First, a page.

In 1872 Gresham was elected district attorney for Galveston and Brazoria counties. He was a stockholder, director, and attorney for the Gulf, Colorado and Santa Fe Railway and served for a time as its second vice president. In the infancy of the railroad he was much in the field, selecting routes, securing rights-of-way, locating towns, and superintending other business. In 1887 and 1888 he represented Galveston at conventions in Fort Worth, Texas; Denver, Colorado; and Topeka, Kansas. At Topeka he was made chairman of a special committee to petition the United States government to finance a deepwater harbor at the best point on the Texas coast. He was instrumental in having the Fifty-first Congress amend the River and Harbor Bill to provide for contracts for work to give Galveston one of the finest harbors on the American coast.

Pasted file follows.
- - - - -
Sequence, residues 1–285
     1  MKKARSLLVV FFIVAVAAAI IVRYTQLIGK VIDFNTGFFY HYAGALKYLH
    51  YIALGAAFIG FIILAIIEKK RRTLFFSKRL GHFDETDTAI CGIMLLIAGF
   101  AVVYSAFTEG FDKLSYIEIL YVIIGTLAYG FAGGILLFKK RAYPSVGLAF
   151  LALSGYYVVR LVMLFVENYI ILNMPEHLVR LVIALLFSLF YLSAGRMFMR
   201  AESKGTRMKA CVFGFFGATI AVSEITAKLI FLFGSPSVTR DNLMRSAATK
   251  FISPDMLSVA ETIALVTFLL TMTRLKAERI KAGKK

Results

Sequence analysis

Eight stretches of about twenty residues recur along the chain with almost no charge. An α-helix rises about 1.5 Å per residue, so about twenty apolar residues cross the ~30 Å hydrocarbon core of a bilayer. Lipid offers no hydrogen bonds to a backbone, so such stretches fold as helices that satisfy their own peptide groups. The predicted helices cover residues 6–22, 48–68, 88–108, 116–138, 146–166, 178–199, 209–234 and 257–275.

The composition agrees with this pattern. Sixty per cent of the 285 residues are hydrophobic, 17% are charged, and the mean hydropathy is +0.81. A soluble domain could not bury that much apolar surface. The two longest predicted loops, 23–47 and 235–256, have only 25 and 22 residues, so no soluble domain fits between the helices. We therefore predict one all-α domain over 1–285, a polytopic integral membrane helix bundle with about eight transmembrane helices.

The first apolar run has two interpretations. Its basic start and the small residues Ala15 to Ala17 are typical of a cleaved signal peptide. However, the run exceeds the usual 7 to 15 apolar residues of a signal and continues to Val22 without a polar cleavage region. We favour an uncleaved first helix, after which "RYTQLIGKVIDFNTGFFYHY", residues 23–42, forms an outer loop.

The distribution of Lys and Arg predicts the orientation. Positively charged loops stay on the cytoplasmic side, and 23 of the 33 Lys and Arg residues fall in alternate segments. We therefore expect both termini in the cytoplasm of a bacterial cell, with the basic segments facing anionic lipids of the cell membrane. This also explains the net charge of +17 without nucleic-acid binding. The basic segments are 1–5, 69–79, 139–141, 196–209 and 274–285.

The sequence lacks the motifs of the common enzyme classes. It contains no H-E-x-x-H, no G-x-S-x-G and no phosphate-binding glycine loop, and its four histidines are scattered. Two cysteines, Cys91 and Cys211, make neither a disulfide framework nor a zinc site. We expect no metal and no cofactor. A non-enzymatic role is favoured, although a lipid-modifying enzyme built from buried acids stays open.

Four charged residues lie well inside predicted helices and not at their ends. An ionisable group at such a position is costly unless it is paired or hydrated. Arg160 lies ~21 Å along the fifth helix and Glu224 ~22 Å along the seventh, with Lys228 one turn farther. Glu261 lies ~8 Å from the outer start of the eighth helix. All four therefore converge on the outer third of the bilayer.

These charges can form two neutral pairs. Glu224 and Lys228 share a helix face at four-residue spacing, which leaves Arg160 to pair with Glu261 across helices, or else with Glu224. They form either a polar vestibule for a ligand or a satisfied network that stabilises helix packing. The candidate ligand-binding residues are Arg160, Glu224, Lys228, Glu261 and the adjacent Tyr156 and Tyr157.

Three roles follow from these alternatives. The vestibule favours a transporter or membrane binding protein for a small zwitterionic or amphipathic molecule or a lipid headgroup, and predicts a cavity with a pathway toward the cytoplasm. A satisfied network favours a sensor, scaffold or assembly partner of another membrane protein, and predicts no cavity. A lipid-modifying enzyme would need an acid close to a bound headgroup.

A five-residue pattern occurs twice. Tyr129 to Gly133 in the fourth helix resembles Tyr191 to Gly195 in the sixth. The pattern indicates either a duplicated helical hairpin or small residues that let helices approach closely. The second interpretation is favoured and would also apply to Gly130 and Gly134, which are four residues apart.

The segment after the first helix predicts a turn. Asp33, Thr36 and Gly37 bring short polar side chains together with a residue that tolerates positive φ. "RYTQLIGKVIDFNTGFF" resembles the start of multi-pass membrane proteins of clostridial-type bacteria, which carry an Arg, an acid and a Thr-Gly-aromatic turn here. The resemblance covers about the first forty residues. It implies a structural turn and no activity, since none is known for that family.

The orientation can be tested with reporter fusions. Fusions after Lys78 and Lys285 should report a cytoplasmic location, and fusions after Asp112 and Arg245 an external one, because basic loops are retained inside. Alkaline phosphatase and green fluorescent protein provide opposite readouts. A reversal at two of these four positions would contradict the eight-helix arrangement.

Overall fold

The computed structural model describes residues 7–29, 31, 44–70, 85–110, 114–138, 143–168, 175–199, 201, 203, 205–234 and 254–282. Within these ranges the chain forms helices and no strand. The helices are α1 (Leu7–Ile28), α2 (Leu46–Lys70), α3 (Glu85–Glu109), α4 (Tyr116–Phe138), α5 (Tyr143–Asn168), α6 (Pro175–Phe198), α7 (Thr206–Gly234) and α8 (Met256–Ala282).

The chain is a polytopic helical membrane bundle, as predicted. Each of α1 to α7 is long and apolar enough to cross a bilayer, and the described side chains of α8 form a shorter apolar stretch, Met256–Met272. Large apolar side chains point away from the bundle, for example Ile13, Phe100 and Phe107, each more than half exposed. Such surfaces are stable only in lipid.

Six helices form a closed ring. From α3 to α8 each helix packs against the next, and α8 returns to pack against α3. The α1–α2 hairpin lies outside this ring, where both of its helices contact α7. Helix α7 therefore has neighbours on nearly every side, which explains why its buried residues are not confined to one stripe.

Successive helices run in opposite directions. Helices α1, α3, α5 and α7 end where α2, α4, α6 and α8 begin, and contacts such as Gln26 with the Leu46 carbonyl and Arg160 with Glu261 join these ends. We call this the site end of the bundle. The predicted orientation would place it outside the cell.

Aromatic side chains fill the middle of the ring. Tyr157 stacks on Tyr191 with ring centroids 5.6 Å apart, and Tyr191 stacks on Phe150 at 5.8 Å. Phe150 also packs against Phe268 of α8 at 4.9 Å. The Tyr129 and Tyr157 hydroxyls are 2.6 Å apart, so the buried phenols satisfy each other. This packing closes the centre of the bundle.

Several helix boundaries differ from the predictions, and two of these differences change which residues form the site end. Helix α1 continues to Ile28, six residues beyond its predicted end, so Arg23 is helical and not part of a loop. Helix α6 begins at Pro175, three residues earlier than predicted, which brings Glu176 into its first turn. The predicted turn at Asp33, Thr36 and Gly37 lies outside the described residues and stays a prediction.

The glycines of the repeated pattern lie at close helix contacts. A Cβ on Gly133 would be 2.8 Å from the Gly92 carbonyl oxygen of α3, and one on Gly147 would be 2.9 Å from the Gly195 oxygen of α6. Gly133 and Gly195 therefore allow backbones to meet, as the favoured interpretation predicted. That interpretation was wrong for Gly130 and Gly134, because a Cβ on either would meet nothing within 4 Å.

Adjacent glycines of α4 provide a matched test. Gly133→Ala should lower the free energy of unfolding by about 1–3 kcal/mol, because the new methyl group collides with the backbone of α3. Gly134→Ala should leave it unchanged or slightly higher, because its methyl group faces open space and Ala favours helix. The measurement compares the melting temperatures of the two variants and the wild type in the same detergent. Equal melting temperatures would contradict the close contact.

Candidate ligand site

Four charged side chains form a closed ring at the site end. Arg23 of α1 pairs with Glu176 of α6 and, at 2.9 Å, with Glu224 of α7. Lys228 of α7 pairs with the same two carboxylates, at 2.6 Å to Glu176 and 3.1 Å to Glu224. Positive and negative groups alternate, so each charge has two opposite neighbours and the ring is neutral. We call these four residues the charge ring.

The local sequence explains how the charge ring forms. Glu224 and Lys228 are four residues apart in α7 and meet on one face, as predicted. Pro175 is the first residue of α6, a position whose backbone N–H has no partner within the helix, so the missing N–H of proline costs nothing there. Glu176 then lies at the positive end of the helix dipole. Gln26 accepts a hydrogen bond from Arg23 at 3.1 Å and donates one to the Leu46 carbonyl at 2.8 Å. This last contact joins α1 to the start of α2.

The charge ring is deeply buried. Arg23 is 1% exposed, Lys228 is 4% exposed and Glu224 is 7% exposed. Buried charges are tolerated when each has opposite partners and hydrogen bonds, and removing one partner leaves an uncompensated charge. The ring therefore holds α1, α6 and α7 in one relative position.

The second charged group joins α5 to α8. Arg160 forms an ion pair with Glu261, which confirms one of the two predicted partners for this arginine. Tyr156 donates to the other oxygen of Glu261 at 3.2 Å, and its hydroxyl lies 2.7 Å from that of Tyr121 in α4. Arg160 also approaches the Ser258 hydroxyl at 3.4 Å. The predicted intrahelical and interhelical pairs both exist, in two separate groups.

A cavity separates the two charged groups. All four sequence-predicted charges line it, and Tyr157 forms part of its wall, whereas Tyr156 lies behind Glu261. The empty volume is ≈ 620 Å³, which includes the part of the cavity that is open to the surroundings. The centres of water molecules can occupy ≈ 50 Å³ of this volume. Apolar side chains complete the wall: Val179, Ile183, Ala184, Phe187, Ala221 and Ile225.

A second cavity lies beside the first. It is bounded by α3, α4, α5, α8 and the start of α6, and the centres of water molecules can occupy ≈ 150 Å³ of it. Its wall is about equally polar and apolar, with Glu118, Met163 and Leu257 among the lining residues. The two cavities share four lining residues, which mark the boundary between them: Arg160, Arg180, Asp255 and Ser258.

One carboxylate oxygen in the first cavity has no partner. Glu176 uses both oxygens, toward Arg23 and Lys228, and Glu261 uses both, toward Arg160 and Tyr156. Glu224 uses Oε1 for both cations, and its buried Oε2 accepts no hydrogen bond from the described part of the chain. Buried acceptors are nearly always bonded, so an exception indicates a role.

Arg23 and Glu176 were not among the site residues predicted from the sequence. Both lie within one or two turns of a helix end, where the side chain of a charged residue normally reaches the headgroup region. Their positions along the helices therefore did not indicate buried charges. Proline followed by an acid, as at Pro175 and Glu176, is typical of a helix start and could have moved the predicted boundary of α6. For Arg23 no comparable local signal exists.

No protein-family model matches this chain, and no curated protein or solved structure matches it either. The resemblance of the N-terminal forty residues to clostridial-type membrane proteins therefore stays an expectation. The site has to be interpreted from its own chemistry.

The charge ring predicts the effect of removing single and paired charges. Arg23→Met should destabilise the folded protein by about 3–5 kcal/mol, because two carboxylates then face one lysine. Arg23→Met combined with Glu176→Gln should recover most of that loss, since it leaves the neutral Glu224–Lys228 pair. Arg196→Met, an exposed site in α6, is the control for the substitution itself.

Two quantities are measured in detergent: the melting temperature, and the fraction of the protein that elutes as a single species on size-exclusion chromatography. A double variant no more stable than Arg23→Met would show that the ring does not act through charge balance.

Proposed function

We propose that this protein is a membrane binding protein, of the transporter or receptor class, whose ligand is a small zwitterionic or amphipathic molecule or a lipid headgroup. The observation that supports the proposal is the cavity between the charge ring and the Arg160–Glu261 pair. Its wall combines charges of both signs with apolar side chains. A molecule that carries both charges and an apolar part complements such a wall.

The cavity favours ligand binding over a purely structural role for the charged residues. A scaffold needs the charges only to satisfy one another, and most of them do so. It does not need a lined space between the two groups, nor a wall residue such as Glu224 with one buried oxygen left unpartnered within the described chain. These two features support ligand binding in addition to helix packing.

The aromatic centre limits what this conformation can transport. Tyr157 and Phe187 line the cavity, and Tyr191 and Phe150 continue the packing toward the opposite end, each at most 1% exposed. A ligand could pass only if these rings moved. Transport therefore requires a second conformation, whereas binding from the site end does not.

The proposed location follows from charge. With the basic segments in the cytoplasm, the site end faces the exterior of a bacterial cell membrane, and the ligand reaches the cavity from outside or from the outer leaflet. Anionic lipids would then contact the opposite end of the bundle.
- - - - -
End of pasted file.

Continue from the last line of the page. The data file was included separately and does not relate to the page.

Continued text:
Gresham's home, known now as the Bishop's Palace for the Catholic bishops who later resided there, was designed by architect Nicholas J. Clayton. Gresham represented the Sixty-fourth District in the Texas House of Representatives from 1887 to 1891. He was elected on the Democratic ticket from the Tenth District to the Fifty-third Congress in 1892 but was unsuccessful in the race for reelection. In 1901 he served as president of the Trans-Mississippi Commercial Congress. On October 28, 1868, Gresham married Josephine C. Mann, with whom he had nine children. He died in Washington, D.C., on November 6, 1920, and was buried in Lakeview Cemetery, Galveston.
29° 16.353, -094° 49.502